A multivariable regression is a type of statistical analysis that is used to model the relationship between multiple independent variables and a single dependent variable. In other words, it is a way to predict the value of a dependent variable based on the values of several independent variables.

**Example**

For example, suppose you want to predict the price of a house based on its size, number of bedrooms, and location. You could use multivariate regression to analyze the data and build a model that predicts the price of a house based on these variables.

Multivariate regression can be used to analyze both continuous and categorical variables. It is a useful tool for understanding the relationships between variables and for making predictions based on those relationships.

Let’s say we are given data on TV, radio, and newspaper advertising spending for a list of companies, and our goal is to predict sales in terms of units sold.

Company | Ratio($) | Sales | News | Units |

Netflix | 230.1 | 37.8 | 69.1 | 22.1 |

Microsoft | 44.5 | 39.3 | 23.1 | 10.4 |

17.2 | 45.9 | 34.7 | 18.3 | |

151.5 | 41.3 | 13.2 | 18.5 |

**Growing complexity**

Linear regression can become challenging when dealing with multiple features as it makes it difficult to visualize and comprehend the data. One solution is to break down the data and compare one or two features at a time. In this example, we explore how Radio and TV investments impact sales. The following image displays a 3D plane that shows the relationship between Radio, TV, and Sales.

**Normalization**

Normalizing input data is a technique used to speed up gradient calculation as the number of features grows. It’s important for datasets with high standard deviations or differences in the ranges of the attributes. The goal is to ensure all values are within the same range, typically -1 to 1.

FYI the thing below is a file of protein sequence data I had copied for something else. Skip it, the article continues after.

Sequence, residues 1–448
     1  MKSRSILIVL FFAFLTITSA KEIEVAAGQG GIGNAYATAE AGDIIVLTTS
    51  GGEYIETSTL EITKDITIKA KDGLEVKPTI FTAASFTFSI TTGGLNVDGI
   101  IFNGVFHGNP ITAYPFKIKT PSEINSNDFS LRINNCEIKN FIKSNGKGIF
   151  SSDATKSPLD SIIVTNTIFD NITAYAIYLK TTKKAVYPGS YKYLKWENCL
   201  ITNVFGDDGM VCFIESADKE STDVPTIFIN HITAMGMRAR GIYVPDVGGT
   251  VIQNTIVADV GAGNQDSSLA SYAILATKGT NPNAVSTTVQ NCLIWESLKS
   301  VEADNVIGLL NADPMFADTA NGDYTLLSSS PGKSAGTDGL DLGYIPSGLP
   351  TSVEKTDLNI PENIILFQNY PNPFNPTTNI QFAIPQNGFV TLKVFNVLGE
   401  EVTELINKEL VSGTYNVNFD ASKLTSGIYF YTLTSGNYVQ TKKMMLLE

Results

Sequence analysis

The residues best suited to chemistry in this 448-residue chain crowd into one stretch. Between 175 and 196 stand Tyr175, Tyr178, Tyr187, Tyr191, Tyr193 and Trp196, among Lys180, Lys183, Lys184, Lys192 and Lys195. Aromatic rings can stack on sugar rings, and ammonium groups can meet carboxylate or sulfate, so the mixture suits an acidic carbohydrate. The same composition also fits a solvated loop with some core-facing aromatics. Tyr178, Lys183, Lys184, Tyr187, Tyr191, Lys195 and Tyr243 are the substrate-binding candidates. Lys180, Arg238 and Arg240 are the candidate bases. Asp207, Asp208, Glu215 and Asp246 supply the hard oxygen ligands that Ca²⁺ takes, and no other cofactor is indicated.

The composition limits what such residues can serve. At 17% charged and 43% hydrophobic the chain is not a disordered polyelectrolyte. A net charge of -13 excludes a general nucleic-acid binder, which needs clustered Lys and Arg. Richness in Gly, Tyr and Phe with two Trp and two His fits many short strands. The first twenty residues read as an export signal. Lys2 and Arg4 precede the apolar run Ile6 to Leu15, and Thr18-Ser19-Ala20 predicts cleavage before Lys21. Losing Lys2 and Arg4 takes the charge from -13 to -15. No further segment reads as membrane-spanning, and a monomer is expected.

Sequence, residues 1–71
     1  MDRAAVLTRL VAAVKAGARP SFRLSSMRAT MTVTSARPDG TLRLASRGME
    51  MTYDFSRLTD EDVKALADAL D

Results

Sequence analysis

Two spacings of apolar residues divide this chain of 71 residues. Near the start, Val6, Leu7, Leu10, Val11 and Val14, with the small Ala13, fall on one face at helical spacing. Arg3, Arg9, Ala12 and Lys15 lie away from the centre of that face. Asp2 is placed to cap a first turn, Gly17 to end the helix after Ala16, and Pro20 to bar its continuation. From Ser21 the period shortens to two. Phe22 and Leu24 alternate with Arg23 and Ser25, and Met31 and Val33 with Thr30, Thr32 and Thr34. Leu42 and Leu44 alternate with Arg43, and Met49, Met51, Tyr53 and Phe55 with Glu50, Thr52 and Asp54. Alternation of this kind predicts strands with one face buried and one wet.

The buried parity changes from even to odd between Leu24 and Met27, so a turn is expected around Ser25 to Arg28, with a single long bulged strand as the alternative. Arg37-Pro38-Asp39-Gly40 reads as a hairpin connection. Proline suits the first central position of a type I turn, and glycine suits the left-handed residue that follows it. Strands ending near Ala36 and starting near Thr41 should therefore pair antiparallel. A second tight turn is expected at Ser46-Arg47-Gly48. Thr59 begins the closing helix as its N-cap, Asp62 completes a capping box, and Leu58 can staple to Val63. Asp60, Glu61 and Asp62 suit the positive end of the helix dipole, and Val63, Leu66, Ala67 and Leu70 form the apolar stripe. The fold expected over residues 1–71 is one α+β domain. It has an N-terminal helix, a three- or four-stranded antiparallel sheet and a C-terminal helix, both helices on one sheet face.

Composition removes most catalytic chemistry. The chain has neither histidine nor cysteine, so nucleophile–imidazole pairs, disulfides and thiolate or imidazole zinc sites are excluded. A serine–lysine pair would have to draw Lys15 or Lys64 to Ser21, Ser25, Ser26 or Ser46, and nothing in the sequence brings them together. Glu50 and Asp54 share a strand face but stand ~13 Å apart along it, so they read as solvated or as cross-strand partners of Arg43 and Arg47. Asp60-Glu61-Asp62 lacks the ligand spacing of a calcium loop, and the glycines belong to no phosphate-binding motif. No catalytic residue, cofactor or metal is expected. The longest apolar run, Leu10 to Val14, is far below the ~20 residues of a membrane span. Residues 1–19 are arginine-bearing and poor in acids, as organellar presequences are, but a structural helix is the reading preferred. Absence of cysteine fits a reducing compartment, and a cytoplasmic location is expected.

**Code**

For each feature column { Normalize your features to achieve faster gradient computation by following these two simple steps: 1. Subtract the mean of the column (mean normalization) 2. Divide by the range of the column (feature scaling) }

Our input is a matrix with 200 rows and 3 columns, containing data on TV, Radio, and Newspaper advertising. To speed up gradient calculation and ensure fair treatment of all features, we normalize the input by subtracting each feature’s mean and dividing it by its range. The resulting output is another matrix with the same dimensions, where all values are now within the range of -1 to 1, making it easier to train our model.

def normalize(features): ** features - (200, 3) features.T - (3, 200) We transpose the input matrix, swapping cols and rows to make vector math easier ** for feature in features.T: fmean = np.mean(feature) frange = np.amax(feature) - np.amin(feature) #Vector Subtraction feature -= fmean #Vector Division feature /= frange return features

**Making predictions**

Our prediction function estimates sales based on our current weights and a company’s spending on TV, radio, and newspaper. The model seeks to identify weight values that minimize the cost function.

**Reference links : **

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